Using Moral Development Theory to Teach K-12 Cyber Ethics
Judy Lewandowski, Purdue University, United States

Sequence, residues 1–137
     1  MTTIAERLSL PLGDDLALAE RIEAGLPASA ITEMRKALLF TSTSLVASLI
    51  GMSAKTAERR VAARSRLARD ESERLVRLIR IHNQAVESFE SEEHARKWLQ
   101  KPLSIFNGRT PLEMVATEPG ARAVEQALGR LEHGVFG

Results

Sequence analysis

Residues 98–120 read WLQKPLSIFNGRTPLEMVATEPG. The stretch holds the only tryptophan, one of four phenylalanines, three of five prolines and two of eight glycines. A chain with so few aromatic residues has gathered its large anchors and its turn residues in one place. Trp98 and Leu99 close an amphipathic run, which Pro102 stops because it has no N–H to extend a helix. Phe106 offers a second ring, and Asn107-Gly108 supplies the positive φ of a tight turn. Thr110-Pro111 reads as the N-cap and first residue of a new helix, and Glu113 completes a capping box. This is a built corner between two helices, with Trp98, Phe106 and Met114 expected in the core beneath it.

Society for Information Technology & Teacher Education International Conference, in Nashville, Tennessee, USA ISBN 978-1-880094-44-0 Publisher: Association for the Advancement of Computing in Education (AACE), Waynesville, NC USA